Learning From COVID

From the Editor

Throughout the COVID crisis, the discomfort of the daily uncertainty was often echoed in the familiar refrain of, “I just can’t wait to go back.” Zoom fatigue, social distancing, and the need to always be on watch, fed on each other in a spiraling yearning for going back to the familiar, to normal. Indeed, many schools did not hesitate to revert back to their “regularly scheduled programs” as soon as the guidelines permitted them, and were I to ask their leadership to reflect on what they learned, their answer would be something like, “We survived.”

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(COVID) Inspired Scheduling

Prior to the pandemic, the teachers and administrators at SAR High School frequently discussed student stress. We had, at times, sought to address it through various initiatives, some modest and some bold. As the pandemic raged last spring and we began to imagine the 2020-21 school year, we decided, first, to create more “down time” for students to alleviate the increased stress of this new reality.

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COVID as a Catalyst

As the pandemic broke, Bornblum Jewish Community School was nearing completion of a three-year strategic plan which included the creation of two significant positions: Director of Curriculum and Instruction and Director of Student Services. The school leadership and board committed to the goal of moving forward during the pandemic, and the implantation of those two roles placed the focus squarely on the school’s academic achievement while attending to the individual needs and social and emotional well-being of the students.

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Thinking Adaptively: Reimagining Jewish Education in a Post-COVID Word

Professors Ronald Heifetz and Marty Linsky argue that the most common downfall of leadership is when leaders treat adaptive challenges as technical ones. That’s when managers notice a cultural problem in their organizations and try to solve them by changing the length of weekly meetings. It’s when schools treat narcotics issues with standalone anti-drug presentations. Ultimately, it’s when we choose to apply technical fixes instead of facing the reality that a paradigm shift is likely necessary.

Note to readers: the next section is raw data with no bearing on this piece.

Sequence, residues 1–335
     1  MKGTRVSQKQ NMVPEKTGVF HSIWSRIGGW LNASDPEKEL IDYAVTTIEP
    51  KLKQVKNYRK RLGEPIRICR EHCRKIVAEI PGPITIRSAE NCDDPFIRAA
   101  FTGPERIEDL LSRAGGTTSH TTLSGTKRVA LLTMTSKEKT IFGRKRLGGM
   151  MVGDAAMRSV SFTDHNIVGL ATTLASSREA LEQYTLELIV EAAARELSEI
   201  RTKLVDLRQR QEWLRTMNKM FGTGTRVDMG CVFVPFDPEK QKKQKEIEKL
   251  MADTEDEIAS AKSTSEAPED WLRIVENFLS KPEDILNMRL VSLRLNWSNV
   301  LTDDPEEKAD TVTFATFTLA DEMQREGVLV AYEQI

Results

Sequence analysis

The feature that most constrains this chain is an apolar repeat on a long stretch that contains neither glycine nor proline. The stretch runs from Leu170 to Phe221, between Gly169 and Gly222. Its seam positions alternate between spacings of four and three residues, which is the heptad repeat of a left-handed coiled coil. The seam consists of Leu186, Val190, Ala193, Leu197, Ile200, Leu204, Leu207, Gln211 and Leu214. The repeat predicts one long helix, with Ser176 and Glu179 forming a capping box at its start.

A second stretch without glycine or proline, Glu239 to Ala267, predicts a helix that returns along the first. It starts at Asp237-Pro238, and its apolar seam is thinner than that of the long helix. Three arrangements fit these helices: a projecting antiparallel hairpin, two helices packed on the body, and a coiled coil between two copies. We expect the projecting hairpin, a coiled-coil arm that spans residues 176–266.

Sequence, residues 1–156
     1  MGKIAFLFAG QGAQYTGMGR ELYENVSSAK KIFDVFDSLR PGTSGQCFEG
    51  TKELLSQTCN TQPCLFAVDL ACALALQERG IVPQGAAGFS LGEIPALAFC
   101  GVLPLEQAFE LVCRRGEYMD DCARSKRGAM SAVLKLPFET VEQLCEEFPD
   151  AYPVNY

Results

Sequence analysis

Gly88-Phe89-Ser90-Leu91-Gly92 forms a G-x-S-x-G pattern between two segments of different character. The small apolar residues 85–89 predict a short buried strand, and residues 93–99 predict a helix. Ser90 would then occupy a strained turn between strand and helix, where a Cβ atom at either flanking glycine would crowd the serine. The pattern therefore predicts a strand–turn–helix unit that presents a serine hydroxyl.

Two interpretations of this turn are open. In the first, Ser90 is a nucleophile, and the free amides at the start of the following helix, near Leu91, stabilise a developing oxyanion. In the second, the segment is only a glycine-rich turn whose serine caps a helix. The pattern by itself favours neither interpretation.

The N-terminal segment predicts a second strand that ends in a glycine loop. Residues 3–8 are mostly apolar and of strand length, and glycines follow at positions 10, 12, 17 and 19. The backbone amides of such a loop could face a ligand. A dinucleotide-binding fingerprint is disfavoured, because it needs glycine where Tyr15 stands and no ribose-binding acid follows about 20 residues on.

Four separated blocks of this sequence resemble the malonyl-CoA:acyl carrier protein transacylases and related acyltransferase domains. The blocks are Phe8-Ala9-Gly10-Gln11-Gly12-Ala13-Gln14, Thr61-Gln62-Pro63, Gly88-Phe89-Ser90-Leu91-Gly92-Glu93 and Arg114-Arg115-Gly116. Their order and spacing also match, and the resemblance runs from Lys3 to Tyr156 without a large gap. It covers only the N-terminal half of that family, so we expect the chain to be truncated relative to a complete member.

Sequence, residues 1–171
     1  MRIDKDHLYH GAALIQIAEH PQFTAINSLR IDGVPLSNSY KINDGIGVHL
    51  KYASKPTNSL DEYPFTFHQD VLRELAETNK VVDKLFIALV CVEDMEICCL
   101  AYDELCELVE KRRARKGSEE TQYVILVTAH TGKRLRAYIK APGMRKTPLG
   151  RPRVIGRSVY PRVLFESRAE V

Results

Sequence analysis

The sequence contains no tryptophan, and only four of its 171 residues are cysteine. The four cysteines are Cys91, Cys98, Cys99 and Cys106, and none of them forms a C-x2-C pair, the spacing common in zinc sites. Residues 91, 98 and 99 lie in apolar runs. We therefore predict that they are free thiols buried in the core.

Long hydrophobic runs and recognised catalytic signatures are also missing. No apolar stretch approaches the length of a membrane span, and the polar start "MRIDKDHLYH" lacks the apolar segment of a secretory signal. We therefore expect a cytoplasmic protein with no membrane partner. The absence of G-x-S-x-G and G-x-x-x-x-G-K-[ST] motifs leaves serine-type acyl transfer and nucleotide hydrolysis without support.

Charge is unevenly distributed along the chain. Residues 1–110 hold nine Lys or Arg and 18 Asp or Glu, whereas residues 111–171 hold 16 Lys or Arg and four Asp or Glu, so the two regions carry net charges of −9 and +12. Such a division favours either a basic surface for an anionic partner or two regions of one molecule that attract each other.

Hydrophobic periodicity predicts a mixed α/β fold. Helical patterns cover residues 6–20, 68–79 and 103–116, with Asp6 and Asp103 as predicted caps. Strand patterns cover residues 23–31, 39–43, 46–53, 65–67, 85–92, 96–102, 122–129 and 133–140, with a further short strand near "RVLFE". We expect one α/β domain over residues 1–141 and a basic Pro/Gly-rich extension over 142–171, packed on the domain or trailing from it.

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Change is Good, Unless it Isn’t

Imagine an elevator pitch from a company looking to differentiate itself five years from now:
“Hire us for a competitive edge and benefit from our revolutionary approach. Our organization believes that a face-to-face, in-person relationship will give you a qualitative advantage over all our competitors. We offer an in-person, personal touch. Not just a face on a screen.”

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Does Voluntary Zoom-ing Play a Role in the Schools of the Future?

Like any new invention or technology used in school, Zoom has enormous benefits, but also has unanticipated downsides. It enables students to stay current in their courses from anywhere in the globe, avoiding disruptions and missed classes. At the same time, both teacher instruction and student learning face challenges when done over Zoom, where students are often preoccupied by other apps on their phones and computers and distracted by whatever else may be going on in the location they are Zooming from.